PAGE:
Maggie’s husband Al was diagnosed with Alzheimer’s. The most difficult thing for her was the fact that he knew and recognised most other people… but not her. She discusses the impact on their relationship, her wellbeing and how she managed while she was caring for Al.
“One day we were sat having our dinner and he looked at me and said, you are my wife, aren’t you? And I laughed and said of course I am! I still didn’t grasp that he was really asking, that he really didn’t know me.”
Dee cares for her grandmother, who has dementia, as well as her son who suffered a brain injury following an accident. Here she talks about the differences in her caring roles and how she manages her family life — generally with a sense of humour.
“I think humour is the best way to cope with most things… you’ve got to laugh otherwise you might cry.”
Last week we heard from Jayne about the challenges she faced caring for her mum, who has dementia. She said she felt like their roles had reversed and she had becoming the ‘nagging mother’, asking her mum to tidy up or cut her nails. Her friend Allie helped her by coming in and cleaning the house so her mum still felt like she had her independence.
Listen in to the second half of the conversation where Jayne talks about coping with emotional fallout.
It is not news that having a healthy lifestyle can reduce the risk of us getting ill or contracting heart problems or diseases such as type II diabetes. Personally though, I have always struggled with exercise since leaving school and not having to do it as part of a P.E lesson. When it comes to fitness, I need support from others. If I don’t have someone who wants to get fit with me, it isn’t a priority I try to fit in.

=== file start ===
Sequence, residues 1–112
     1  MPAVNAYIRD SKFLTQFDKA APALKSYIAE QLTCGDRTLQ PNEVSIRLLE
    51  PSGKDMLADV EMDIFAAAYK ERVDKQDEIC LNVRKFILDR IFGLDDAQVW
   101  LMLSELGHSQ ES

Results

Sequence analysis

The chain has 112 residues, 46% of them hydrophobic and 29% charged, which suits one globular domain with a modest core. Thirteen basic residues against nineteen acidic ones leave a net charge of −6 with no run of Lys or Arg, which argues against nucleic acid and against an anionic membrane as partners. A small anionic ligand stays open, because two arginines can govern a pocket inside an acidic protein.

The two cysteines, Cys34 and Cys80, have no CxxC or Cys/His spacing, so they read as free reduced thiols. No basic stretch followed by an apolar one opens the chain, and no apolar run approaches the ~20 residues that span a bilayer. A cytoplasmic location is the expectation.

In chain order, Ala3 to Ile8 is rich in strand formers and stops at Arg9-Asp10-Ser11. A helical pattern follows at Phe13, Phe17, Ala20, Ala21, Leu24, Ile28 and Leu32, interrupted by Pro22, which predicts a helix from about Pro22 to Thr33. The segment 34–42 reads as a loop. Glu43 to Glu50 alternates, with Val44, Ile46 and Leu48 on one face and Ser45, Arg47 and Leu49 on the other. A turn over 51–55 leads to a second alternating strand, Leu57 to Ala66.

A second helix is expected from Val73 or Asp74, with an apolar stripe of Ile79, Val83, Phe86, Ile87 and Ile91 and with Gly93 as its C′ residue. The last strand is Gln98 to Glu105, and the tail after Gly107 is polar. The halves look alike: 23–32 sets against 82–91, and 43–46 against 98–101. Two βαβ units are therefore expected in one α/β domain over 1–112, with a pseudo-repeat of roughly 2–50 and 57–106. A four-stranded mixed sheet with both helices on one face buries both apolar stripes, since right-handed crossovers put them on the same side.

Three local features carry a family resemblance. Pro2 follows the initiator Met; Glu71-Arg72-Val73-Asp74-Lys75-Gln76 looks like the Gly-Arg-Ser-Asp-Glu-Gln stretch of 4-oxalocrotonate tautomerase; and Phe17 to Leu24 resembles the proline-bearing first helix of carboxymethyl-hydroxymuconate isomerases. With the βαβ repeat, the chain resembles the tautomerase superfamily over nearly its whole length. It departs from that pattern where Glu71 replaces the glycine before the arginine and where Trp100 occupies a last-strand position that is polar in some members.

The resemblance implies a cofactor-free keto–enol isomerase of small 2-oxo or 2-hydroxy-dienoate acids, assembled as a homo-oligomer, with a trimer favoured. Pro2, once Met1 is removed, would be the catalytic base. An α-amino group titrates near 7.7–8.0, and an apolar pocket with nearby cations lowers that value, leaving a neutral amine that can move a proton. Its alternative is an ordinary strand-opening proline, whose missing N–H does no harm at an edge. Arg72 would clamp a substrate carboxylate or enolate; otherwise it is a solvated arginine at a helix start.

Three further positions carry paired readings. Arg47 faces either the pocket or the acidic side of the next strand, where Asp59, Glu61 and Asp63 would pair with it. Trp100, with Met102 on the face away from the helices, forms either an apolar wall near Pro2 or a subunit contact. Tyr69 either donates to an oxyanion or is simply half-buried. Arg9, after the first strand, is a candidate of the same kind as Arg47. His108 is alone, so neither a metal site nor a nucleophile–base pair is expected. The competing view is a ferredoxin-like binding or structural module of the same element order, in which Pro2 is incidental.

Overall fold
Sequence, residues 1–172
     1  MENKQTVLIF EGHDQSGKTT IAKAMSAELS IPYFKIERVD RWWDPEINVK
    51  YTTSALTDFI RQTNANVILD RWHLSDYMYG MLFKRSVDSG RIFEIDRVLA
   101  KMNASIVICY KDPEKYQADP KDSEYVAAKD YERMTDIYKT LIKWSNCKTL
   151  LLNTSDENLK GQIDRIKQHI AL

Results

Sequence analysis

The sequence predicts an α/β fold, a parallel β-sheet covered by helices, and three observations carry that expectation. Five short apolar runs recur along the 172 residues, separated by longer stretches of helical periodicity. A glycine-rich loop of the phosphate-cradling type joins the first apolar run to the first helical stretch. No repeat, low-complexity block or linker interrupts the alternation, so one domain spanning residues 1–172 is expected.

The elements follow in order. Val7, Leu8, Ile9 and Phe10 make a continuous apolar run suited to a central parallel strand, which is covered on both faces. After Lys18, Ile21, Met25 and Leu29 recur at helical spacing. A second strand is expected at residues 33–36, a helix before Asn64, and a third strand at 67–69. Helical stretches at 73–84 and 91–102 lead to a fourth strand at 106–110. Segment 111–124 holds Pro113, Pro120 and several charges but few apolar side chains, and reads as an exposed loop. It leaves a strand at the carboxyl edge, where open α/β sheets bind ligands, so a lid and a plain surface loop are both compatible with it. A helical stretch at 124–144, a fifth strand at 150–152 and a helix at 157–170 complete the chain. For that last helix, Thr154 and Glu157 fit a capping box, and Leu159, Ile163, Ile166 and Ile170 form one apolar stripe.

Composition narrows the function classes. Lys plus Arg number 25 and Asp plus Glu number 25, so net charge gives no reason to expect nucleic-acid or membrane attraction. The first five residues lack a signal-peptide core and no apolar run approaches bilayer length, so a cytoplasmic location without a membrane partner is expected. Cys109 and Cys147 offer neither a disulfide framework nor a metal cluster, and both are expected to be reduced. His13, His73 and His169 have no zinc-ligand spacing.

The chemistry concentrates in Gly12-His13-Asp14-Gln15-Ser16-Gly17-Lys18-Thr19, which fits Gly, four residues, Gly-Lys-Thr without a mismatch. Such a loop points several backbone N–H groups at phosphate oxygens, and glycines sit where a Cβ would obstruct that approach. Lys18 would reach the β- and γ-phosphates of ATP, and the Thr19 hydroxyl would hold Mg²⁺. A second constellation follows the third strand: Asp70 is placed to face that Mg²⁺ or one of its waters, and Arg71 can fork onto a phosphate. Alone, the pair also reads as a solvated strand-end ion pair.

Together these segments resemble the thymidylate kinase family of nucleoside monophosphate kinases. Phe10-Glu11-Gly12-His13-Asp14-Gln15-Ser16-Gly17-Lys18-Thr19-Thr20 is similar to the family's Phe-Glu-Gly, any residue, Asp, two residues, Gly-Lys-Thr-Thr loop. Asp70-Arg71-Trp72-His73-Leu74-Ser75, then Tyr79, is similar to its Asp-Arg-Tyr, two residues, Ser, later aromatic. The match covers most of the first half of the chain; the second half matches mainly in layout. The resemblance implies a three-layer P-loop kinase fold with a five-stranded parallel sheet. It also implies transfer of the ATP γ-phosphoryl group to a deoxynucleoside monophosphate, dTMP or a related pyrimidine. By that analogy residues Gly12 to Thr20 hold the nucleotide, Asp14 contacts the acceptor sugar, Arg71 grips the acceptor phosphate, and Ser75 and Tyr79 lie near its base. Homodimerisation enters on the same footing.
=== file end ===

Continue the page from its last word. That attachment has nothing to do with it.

KiActiv was introduced to me when I joined the Carers’ Centre. It is a 12 week
programme designed to get individuals increasing their physical activity
levels. It combines motivation via a trained mentor and digital technology,
using an activity tracker (like a Fitbit) and an accessible online profile
which is easy to understand. It’s much more than just counting steps, focusing
on all the things that contribute to physical activity and therefore, a healthy
The Carers’ Centre is involved with the Carer Hub information point at the Bath Royal United Hospital. We do this in conjunction with Carers Support Wiltshire, Friends of the RUH and the RUH NHS Trust.
We heard from a carer who was introduced to our service via the Hub. She captures a lot of the thoughts and feelings that we come across so often when talking to people looking after someone. In Kathryn’s words: